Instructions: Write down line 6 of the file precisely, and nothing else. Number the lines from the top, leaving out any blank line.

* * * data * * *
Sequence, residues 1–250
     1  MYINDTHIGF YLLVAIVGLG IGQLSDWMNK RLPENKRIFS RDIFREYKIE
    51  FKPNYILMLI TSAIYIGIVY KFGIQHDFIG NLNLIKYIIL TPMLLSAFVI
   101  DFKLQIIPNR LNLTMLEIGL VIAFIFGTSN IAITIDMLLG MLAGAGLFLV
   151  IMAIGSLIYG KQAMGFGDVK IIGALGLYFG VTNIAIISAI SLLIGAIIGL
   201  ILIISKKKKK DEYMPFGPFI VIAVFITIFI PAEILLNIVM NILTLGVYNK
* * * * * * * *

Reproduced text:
   201  ILIISKKKKK DEYMPFGPFI VIAVFITIFI PAEILLNIVM NILTLGVYNK